Yes, both CMTS’s and vIP PASS provide QoS. The difference is that vIP PASS provides a comprehensive set of proven video utilities and video tools for understanding IP performance at the video level and for understanding collective customer viewing behaviors. Furthermore, these tools provide the same information for broadcast and SDV services. Therefore, vIP PASS can provide a more complete view of the network, program viewership, and collective customer behaviors on a comprehensive basis than DOCSIS, because no similar tools exist for CMTS video delivery. This is especially important in optimizing the network and in providing critical data necessary to monetize programming via commercial insertion. For example, vIP PASS tools can provide a comprehensive view of how many viewers are tuned in to a channel, whether they are watching on an MPEG2 set-top, an IP set-top, a PC and any other IP-based CPE device.

Doesn’t vIP PASS take more bandwidth to provide the same program capacity as a CMTS?

Cable operators seeking to deliver a combination of unicast and broadcast video will find that with vIP PASS they can use the same number of channels or even fewer channels by deploying vIP PASS. This is because vIP PASS can more effectively distribute programming across the spectrum than a CMTS. While CMTS implementations will typically require small service group sizes, a vIP PASS implementation can use larger service groups, resulting in virtually no duplicate program streams which waste bandwidth. Furthermore, when combined with SDV, vIP PASS can share the same bandwidth, leading to even greater bandwidth efficiency. Future enhancements to vIP PASS will enable very large bonded channel groups supporting DOCSIS video and MPEG video applications within the same QAM. BigBand can perform comparative analysis for you. To determine your precise bandwidth requirements.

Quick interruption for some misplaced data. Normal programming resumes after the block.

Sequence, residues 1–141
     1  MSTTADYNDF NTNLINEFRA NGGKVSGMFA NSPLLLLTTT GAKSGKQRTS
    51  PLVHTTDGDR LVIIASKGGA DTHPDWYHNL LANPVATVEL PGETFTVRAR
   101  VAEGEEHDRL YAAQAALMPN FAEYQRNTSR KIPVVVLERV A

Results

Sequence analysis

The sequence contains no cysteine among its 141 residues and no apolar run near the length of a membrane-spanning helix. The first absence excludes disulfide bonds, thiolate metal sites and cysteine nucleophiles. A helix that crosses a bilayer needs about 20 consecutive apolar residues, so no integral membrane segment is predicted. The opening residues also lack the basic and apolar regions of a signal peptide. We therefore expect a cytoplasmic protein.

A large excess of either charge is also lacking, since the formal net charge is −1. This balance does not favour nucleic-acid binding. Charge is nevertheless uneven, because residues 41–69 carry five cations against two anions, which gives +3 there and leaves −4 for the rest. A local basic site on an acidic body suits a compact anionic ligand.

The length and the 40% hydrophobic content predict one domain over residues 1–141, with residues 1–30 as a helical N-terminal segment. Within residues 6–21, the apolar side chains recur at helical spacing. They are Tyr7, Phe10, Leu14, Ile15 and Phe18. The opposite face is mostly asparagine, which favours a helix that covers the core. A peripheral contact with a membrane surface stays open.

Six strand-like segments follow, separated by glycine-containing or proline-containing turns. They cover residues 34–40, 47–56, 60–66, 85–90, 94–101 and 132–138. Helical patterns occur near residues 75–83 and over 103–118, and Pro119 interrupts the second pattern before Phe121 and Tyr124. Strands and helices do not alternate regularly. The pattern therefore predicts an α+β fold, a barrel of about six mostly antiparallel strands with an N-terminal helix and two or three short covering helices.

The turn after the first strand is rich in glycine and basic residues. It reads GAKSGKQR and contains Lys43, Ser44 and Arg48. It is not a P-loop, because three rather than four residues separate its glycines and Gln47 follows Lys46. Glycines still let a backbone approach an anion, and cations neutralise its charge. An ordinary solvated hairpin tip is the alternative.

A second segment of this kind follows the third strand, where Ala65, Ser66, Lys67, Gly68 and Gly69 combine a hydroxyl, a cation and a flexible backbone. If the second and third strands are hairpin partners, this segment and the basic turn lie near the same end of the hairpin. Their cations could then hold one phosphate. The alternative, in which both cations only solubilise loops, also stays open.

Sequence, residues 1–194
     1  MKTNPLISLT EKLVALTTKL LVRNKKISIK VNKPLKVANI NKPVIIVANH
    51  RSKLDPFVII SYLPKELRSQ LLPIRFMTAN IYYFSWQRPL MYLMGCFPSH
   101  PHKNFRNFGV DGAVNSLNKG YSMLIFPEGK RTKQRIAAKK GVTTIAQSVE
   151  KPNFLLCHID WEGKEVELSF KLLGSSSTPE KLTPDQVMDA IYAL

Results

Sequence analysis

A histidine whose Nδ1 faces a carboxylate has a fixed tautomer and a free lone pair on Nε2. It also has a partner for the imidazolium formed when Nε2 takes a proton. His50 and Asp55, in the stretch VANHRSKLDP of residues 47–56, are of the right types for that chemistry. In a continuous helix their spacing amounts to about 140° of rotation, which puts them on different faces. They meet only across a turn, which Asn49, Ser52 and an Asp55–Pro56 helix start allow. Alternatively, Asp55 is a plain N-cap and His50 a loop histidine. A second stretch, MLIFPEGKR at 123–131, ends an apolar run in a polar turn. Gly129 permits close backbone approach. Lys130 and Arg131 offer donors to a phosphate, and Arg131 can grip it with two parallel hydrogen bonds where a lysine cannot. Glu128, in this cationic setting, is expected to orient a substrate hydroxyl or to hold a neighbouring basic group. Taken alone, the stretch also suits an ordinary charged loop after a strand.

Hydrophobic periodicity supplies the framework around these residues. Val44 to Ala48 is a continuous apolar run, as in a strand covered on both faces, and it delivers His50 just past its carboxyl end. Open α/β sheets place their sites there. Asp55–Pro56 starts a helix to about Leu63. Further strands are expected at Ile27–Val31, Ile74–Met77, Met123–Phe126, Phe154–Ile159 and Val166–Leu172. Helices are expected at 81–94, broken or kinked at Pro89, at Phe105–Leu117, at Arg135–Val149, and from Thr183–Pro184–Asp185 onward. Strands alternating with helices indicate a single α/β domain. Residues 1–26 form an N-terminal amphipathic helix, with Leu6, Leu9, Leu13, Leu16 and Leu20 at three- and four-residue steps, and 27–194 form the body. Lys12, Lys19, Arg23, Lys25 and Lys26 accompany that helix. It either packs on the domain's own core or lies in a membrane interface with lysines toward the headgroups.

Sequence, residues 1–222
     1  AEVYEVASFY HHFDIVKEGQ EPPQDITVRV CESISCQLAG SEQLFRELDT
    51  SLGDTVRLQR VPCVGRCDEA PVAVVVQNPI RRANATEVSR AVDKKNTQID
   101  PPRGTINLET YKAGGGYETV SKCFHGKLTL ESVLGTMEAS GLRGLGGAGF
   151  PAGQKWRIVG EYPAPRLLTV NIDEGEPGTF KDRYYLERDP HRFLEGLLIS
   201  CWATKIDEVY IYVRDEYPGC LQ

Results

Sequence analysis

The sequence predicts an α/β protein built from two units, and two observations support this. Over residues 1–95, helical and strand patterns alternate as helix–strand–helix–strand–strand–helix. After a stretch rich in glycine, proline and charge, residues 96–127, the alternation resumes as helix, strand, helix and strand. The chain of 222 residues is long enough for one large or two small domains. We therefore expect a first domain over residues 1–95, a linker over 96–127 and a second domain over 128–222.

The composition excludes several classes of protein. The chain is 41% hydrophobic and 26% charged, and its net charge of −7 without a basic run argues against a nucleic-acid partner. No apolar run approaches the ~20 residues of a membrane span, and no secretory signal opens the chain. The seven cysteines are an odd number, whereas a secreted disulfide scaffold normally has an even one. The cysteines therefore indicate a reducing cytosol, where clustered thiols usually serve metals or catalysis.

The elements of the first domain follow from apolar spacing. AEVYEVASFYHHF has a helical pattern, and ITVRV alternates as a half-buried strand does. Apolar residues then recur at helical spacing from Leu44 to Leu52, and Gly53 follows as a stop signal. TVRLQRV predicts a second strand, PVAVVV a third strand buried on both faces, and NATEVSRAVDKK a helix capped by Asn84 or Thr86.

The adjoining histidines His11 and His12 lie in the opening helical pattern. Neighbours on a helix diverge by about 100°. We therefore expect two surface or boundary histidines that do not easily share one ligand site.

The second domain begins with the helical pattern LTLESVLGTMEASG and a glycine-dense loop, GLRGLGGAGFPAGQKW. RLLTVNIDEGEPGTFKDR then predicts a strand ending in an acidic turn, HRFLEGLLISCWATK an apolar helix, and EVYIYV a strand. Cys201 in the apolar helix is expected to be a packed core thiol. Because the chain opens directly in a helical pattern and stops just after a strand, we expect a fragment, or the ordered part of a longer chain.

vIP PASS requires a DOCSIS 3.0 modem while a CMTS can use an existing DOCSIS 2.0 modem. Doesn’t this raise the cost of vIP PASS?

To deliver high-speed data and video, virtually all cable operators are employing DOCSIS 3.0-based modems which support channel bonding, This is due to the fact that only a small number of video channels could ever be supported in a four-channel bonding group along with 50 Mb/s or 100 Mb/s service. Therefore designing a CMTS-based IP video delivery system for managed IP services requires at least two independent tuners. Similarly, vIP PASS has been designed around cable operators desires to support high-speed data and video services at the same time. However, vIP PASS is more flexible than the CMTS because it employs switched digital technology to assign programming to the best tuner channel, thereby enabling more IP devices connected to the same modem to receive independent programming at the same time.